Are you aligned?
Ever given any thought to how a portfolio company management team reacts when its PE owner decides to move it from an existing fund into a continuation vehicle? Or how individuals within a GP may be incentivised to act in differing ways to their colleagues when running such a process? You’ll find answers to these questions and more in our latest Deep Dive examining the constituent elements to a continuation fund transaction and how they need to line up for the different stakeholders.
Why you should care:
- Five years ago, continuation fund activity was worth around $16 billion a year, according to data from Lazard. Last year, this market hit a record $63 billion – a 294 percent increase in just half a decade.
- Some sponsors are doing this more than once – a sign they increasingly see offering their LPs liquidity options while holding onto assets as a viable fourth exit route.
- Regulatory pressure means authorities have an eagle eye on ensuring investors aren’t taken advantage of in this burgeoning market, and so they should. Ensuring all parties are aligned in a fair and reasonable way is a key element to helping maintain the healthy growth of such deals which can give LPs more options – if they want them.
PE’s PM predictions
Liz Truss starts her term as UK prime minister today. As it stands, PE participants don’t seem to be expecting any major repercussions from the shake-up. “There would be changes to taxation in some way, shape or form, but all these promised tax cuts, we won’t see that many of them come through,” one London-based head of European investment banking told Side Letter.
Michael Moore, director general of the British Private Equity & Venture Capital Association, meanwhile, has urged the new PM to focus on the UK’s appeal as an investment destination. “This support can help carry us out of the financial crisis and by backing private capital, the PM will be backing growth across the UK,” he noted.
What about future deal activity? As our colleagues at PE Hub Europe note this morning (registration required), businesses can now plan with better clarity, which could signal more mergers and acquisitions in the near-term. “Additionally, with a weak pound and the UK stock market trading at an ever-wider valuation discount to global peers, many UK firms will likely continue to attract investment interest from private equity firms”, said Merlin Piscitelli, EMEA head at M&A technology provider Datasite. Industry insiders also expect increased interventionism amid rising geopolitical tensions, with the UK’s recent National Security and Investment Act granting government the ability to block deals on security grounds.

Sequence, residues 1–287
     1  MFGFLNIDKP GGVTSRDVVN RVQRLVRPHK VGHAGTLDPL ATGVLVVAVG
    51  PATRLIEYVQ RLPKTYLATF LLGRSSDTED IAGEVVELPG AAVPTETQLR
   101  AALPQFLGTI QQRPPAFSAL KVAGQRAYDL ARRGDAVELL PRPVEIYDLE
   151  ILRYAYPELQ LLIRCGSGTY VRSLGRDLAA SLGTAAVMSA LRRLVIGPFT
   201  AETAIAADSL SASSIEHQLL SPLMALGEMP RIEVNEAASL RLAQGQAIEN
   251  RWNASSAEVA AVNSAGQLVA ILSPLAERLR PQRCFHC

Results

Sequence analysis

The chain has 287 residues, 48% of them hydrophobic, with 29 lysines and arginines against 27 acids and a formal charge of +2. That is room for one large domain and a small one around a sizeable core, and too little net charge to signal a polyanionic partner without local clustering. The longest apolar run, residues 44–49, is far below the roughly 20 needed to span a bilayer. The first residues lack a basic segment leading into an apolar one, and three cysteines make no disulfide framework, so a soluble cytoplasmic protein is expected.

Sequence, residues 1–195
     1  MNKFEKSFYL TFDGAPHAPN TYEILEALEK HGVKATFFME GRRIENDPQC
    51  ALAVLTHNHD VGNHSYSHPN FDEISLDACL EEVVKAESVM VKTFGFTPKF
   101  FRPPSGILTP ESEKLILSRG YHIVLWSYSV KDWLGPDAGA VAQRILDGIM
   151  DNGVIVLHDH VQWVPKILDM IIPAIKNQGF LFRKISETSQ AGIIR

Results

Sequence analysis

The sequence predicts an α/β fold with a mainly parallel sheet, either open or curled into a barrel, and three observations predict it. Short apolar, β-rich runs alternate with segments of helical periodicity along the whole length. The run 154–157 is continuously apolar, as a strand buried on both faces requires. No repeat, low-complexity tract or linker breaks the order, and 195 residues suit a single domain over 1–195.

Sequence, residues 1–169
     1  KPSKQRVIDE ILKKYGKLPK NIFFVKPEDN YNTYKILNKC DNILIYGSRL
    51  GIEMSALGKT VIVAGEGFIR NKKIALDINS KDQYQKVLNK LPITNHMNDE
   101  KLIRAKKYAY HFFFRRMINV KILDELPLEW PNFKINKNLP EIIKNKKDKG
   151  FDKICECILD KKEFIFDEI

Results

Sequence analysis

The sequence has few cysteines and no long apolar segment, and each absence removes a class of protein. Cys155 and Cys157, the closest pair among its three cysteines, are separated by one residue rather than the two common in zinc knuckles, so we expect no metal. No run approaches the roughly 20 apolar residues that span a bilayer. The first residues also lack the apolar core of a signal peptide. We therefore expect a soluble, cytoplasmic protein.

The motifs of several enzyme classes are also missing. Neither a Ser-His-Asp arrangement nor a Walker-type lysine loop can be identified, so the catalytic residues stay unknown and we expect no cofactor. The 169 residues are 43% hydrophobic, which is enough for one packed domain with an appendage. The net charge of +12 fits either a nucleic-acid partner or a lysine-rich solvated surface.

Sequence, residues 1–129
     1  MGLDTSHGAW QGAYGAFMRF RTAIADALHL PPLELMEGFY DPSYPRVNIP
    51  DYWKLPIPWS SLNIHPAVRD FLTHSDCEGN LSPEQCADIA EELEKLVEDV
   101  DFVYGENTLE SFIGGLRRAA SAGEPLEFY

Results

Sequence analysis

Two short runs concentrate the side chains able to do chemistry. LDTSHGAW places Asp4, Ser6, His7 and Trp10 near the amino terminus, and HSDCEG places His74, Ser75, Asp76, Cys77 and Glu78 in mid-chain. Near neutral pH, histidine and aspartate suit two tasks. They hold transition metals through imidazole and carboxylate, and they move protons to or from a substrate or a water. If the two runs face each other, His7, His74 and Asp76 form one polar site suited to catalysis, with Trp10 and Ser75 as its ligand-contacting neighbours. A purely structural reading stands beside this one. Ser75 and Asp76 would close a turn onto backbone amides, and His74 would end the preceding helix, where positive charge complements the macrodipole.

In this day and age, PE executives could be forgiven for forgetting that the direction of travel when it comes to ESG adoption isn’t always one-way. In the US, however, the anti-ESG movement appears to be gaining ground. Florida State Board of Administration, for example, has adopted a resolution preventing the state’s $206 billion pension system from considering ESG when making investment decisions. How Florida’s regulation will define ESG remains unclear; still, its ban could have implications for PE funds that have, or wish to, raise capital from the state’s pension funds. Florida’s move echoes that of Texas, which has ordered state retirement and school funds to divest holdings in financial firms it has identified as boycotting oil and gas companies.
Some US state treasurers are, however, fighting back against the anti-ESG movement, our colleagues at Responsible Investor report (registration required). New York City comptroller Brad Lander and Oregon state treasurer Tobias Read, for example, are both members of For the Long Term, a non-profit helping public treasurers deliver sustainable long-term growth. “It’s so silly; it’s like debating gravity,” Read told RI. “If you’re not as a treasurer thinking about all the things that impact your ability to deliver returns and fulfil your obligation to beneficiaries, then you’re not doing your job. These things have the ability to materially impact our returns, so it’s our responsibility to think about ESG.”
Deerpath to Korea
Innchul Oh, a former senior manager of Hyundai Marine & Fire Insurance‘s global PE team, has transitioned from LP to GP. Oh has joined US private debt firm Deerpath as its head of Korea, according to a LinkedIn post. If Oh’s name sounds familiar, it might be because he caught up with Private Equity International back in March to discuss how the 43 trillion-won ($31.5 billion; €31.5 billion) insurer was coping with the wave of GPs knocking on LP doors this year. “It is very hard to invest with new GPs… so we should consider our existing [GPs],” he said at the time. Here’s to hoping Korean LP attitudes to new manager relationships have softened a little in the months since that discussion.
If this is supposed to be a less active year for PE firms, no one appears to have told UK mid-market firm Inflexion. The firm this week promoted Sergio Ferrarini to head of technology and Edward Lynch to partner, per a statement. This comes a day after the firm said it had completed its 50th exit to date, collectively returning more than £4.5 billion ($5.2 billion; €5.2 billion) to investors at a gross realised return of 3.6x and 39 percent IRR. Ten of those exits, with a total enterprise value of more than £3.6 billion, have come in 2022 alone – an impressive feat given that market volatility has caused liquidity events to slow for some of its peers. To cap it all, the firm closed its largest fund to date in March. What slowdown?
LP meetings. Here are some LP meetings to watch out for this week.
- Teachers’ Retirement System of Louisiana
- New Mexico State Investment Council
- Washington State Investment Board
Today’s letter was prepared by Alex Lynn with Adam Le, Carmela Mendoza. and Craig McGlashan.